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Nature20/27 December 2001

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Nature © Macmillan Publishers Ltd.

NMR quantum computing: Realizing Shor's algorithm

An experiment reported this week takes nuclear magnetic resonance (NMR) quantum computation to a new and very complex level, contributing towards the development of the tools that will make the next generation of such devices. Quantum computers were known by the early 1990s to be potentially faster than any classical computer, but it was not until 1994, when Peter Shor devised a polynomial time algorithm for factoring large numbers on a quantum computer, that such machines became a practical goal. In the latest advance, workers at IBM's Almaden Research Center and Stanford University have virtually hand-tailored a molecule to form the basis of a 7-qubit NMR computer that implements Shor's algorithm to factorize the number 15.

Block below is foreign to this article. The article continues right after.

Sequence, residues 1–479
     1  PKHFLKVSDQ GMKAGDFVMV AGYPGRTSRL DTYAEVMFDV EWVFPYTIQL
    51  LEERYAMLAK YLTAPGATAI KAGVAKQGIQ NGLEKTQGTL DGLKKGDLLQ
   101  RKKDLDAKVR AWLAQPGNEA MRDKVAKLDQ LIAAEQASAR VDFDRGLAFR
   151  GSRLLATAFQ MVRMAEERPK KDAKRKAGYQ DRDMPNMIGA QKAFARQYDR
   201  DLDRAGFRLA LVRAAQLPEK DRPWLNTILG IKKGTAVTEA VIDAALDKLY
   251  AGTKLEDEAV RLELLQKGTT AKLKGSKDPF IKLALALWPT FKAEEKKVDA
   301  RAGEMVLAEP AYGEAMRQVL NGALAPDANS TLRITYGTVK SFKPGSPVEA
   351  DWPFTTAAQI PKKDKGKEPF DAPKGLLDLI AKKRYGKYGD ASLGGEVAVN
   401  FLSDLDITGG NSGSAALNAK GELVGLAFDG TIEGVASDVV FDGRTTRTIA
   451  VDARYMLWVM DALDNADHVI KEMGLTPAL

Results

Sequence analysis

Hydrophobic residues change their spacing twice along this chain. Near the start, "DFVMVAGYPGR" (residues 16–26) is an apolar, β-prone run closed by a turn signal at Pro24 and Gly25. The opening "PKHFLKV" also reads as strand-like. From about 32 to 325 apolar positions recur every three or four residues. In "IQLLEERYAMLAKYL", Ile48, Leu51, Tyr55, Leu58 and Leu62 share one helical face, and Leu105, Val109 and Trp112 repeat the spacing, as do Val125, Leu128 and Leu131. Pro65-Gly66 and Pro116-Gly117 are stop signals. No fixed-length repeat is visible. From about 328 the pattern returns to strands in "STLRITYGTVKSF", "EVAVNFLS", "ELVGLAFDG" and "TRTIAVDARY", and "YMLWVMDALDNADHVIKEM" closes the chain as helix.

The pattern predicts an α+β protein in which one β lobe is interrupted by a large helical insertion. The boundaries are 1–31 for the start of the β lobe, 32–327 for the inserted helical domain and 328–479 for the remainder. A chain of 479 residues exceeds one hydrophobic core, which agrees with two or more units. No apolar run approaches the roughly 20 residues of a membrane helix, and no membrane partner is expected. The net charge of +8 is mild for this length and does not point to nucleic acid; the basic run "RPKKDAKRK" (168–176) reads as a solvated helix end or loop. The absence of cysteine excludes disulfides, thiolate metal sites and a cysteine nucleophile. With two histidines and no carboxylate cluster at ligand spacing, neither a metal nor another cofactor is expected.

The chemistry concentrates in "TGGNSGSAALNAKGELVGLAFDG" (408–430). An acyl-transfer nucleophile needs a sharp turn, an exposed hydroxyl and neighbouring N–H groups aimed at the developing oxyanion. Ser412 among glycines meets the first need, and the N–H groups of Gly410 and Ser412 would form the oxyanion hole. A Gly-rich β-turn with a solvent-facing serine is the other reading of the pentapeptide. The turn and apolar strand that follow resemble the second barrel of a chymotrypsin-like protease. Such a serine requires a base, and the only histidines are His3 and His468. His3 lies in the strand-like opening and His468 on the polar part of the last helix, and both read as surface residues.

letters to nature
Experimental realization of Shor's quantum factoring algorithm using nuclear magnetic resonance
LIEVEN M. K. VANDERSYPEN, MATTHIAS STEFFEN, GREGORY BREYTA, COSTANTINO S. YANNONI, MARK H. SHERWOOD & ISAAC L. CHUANG
Nature 414, 883–887 (20/27 December 2001)
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